Stavroula Pipyrou

“Combining magnificent writing with meticulous scholarship, Stavroula Pipyrou discreetly opens multiple windows onto the souls and lives of the Grecanici, a secretive people who live in shadows that obscure even the edges of their own identity as Greek-speakers in an Italian landscape. Her valuable study is free of the nationalistic exaggeration so often associated with the romantic image of rediscovered ethnic outliers and offers rich insights into the dynamics of identity in southern Europe.”—Michael Herzfeld, Harvard University

“Deploying superb ethnographic skills and the (closely read) anthropology of Italy and the Mediterranean, Pipyrou shows how the Grecanici construct relationships of kinship, friendship, clientage, and association in an impressive exploration of what she usefully conceptualizes as ‘fearless governance.'”—Jane Schneider, The Graduate Center, CUNY

“Stavroula Pipyrou’s lucid account of the hard-edged performance by which the Grecanici control and regulate their lives together makes for brilliant ethnography. Her narrative brings the anthropological archive to life.”—Douglas Holmes, Binghamton University

“Stavroula Pipyrou mounts a theoretically progressive and empirically documented analysis of the Greek linguistic minority of Calabria, combined with a rare and compelling ethnography of ‘Ndrangheta social forms to present an outstanding study of cultural solidarity and political resistance.”—Charles Stewart, University College London
In this groundbreaking ethnography of “fearless governance”, Stavroula Pipyrou shows how Grecanici—the Greek linguistic minority of Calabria, Southern Italy—have crafted the means to invert hegemonic culture and participate in the power games of minority politics on local and national scales.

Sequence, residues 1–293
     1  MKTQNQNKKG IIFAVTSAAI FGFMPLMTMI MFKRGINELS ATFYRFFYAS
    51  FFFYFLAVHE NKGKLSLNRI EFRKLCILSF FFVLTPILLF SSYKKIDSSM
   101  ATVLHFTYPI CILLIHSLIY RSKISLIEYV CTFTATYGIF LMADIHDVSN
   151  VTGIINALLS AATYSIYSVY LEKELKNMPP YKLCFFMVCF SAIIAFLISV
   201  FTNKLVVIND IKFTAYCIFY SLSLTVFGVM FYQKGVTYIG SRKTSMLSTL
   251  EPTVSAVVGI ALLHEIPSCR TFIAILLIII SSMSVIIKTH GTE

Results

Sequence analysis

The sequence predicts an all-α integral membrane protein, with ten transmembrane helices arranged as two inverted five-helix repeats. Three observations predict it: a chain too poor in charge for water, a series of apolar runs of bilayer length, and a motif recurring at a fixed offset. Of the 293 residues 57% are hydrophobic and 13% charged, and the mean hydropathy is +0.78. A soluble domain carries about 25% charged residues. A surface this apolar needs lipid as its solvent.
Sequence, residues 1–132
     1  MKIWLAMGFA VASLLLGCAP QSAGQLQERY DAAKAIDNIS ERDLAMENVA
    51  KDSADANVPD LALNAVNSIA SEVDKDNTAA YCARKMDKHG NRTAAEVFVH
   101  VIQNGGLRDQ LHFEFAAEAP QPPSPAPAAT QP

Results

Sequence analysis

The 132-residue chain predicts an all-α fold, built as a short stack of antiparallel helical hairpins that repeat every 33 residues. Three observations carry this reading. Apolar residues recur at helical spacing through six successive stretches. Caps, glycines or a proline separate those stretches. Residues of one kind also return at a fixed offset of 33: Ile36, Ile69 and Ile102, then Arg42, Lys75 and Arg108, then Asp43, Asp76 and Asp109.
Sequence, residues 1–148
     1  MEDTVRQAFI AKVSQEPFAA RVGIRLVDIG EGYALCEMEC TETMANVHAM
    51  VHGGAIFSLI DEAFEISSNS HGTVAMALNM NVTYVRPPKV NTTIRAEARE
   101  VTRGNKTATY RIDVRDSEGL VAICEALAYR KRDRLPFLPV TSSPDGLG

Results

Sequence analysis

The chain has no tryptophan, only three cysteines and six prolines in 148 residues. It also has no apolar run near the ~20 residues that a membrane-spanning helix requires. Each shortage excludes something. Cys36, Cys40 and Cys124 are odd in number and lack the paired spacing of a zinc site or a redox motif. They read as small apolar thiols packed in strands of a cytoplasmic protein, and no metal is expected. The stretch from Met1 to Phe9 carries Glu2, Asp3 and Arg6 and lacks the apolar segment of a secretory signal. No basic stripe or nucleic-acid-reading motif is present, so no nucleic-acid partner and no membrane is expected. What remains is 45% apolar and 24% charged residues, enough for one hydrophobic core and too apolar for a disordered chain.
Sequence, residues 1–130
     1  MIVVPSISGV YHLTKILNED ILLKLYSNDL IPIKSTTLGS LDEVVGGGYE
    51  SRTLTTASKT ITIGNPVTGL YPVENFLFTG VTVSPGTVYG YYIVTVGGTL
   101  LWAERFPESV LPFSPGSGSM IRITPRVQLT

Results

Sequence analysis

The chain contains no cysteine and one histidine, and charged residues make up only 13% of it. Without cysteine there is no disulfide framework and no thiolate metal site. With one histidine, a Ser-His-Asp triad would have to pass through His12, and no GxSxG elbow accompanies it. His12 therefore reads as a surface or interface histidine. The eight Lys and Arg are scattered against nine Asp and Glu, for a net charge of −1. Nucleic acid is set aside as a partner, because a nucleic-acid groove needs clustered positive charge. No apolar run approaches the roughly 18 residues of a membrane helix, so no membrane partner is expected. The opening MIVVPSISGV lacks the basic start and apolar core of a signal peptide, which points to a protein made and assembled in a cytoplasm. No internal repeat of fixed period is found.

Full Description, Table of Contents, and More
256 pages | 6 x 9 | 1 illus.
Hardcover | ISBN 978-0-8122-4830-2 | $59.95s | £39.00
Ebook | ISBN 978-0-8122-9298-5 | $59.95s | £39.00
Book page URL:
Book page HTML link: The Grecanici of Southern Italy

New AN column

ASAP is pleased to announce the publication of Dr. Numvi Gwaibi’s column entitled “Between Tradition and Modernity: Politics and Policy in Cameroon” in Anthropology News. The piece analyzes how the process of political decentralization transformed electoral dynamics, with particular attention on the changing role of traditional leadership in formal politics. Underscoring how networks of political affiliation and patronage have been transformed rather than undermined by political decentralization, the column offers a critical perspective towards the normative conceptions that drive mainstream analyses of African states and political dynamics.

Theodore Powers, PhD
Assistant Professor
Department of Anthropology
University of Iowa
[email protected]